Two trees are planted at the same time. They are the same species and cultivar. They are the same size at planting and provided the same care. Over the next five to ten years, one tree grows faster and appears healthier than the other.
Beginning a Diagnosis
Tree owners ponder why this is happening and what might be done to speed growth of the slower tree. It would be nice if we could x-ray trees and see what is happening inside the trunk and with root systems. Instead, we observe, ask questions, and make educated guesses.
- Were the trees purchased from the same place?
- Were they planted by the same person on the same day?
- Has anything been done to one that was not done to the other?
- Has the soil near the slower growing tree ever been disturbed?
- Was something else planted where the slower tree is or the site used for something such as a construction dumping ground?
Any number of questions could be asked and sometimes the mystery is solved by one or more of the answers; or at least a very good guess is made. However, if nothing is uncovered through questioning and the slower growing tree has no obvious issues like a trunk injury or pest problem; a number of factors, or a combination of factors, could be responsible.
Common Culprits - Planting Depth
A common issue is planting too deep. If the trunk of the slower tree does not flare slightly above ground level, the tree was planted too deep. If the flare is visible above ground on the faster growing tree, this is a good start to solving the mystery.
Plant trees so the trunk flare remains above ground. To do this, the flare needs to be located before digging the planting hole. We often find trees planted too deep in their nursery containers and as much as 2 to 6 inches of soil may need to be scraped away to locate the trunk taper and first lateral root.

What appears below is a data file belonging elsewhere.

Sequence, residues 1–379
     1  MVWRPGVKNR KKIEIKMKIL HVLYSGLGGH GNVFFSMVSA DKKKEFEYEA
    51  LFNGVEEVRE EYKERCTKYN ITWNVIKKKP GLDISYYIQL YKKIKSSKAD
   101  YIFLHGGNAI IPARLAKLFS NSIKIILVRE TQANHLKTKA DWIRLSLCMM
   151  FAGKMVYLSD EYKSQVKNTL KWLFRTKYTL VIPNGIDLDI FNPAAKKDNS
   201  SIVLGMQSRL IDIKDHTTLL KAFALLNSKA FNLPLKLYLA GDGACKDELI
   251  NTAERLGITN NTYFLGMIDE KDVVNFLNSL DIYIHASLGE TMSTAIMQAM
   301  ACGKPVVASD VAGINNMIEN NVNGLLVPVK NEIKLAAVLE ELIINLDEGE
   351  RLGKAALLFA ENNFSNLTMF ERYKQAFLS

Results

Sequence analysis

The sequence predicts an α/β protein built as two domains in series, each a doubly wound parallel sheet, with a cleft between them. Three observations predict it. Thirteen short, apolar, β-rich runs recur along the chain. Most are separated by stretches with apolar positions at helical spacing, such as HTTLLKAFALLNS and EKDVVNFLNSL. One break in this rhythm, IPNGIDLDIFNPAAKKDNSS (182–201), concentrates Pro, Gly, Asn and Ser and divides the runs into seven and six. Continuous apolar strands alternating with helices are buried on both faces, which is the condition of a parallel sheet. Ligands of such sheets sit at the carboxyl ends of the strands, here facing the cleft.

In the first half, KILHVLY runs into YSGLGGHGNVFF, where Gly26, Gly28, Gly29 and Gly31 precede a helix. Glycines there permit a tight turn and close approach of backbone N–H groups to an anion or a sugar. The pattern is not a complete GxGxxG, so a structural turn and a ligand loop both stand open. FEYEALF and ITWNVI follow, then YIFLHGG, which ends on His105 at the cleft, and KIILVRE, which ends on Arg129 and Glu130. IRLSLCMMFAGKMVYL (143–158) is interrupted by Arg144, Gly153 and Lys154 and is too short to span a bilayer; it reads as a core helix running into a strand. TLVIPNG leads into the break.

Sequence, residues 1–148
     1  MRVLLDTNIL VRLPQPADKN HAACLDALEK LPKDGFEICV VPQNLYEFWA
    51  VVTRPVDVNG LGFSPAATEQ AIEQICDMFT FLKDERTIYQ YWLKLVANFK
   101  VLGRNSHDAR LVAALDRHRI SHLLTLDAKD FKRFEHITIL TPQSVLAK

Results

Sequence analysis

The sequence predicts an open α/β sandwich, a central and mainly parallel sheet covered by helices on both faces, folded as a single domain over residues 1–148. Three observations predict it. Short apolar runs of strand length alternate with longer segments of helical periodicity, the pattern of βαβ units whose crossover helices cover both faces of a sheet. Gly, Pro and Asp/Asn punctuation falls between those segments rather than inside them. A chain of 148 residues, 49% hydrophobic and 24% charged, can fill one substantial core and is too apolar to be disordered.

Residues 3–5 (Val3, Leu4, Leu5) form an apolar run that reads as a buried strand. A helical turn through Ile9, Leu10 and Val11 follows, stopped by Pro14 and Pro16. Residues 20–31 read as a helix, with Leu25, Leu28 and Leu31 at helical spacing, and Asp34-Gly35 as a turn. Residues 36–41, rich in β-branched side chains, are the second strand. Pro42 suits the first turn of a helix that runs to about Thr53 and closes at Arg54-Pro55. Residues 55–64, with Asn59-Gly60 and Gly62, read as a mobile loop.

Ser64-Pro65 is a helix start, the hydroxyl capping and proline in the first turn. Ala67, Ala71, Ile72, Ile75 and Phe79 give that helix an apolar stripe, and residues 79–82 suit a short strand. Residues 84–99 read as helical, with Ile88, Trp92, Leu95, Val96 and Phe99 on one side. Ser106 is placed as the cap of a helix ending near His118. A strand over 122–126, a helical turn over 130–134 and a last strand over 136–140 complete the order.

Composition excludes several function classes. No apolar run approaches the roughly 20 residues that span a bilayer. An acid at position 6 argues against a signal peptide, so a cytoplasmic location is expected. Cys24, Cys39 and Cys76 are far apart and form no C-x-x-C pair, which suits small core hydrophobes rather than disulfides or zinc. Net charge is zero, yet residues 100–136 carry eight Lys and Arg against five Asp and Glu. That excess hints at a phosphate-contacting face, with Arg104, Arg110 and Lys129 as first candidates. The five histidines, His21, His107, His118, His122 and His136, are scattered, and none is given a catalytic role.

Once this is located, only then dig the planting hole. Do not dig it any deeper than needed for the root ball to be placed on firm, undisturbed soil in the hole; and the trunk taper remains about an inch above ground level. If the root ball is set on loosened soil, it will settle and the tree ends up too deep.
Another issue is girdling roots. These occur most commonly on container grown trees. Roots begin to grow in a circle inside the container and continue to do so after planting until they restrict root growth and/or girdle the trunk.
At planting, always look for encircling roots or girdling roots that are wrapped around the trunk. Even if they are only on one side of the plant, remove them. Girdling roots eventually choke off the tissue responsible for uptake of water and nutrients.
Other Root Problems
The slower growing tree may not have as good of a root system as the faster growing tree. The reasons for this are many and range from 1) the tree was planted in an alkali pocket, 2) poorly drained soil, or 3) over a dumping ground for construction debris to voles tunneling around the roots and feeding.
The Bottom Line...
It can be difficult to pinpoint the exact reason why one tree grows faster than another. And most likely there is not much that can be done. If the tree is small but otherwise healthy, it may catch up some day. If the tree is spindly and has branch dieback, or there is a visible root girdling the trunk, it may be wise to replace it.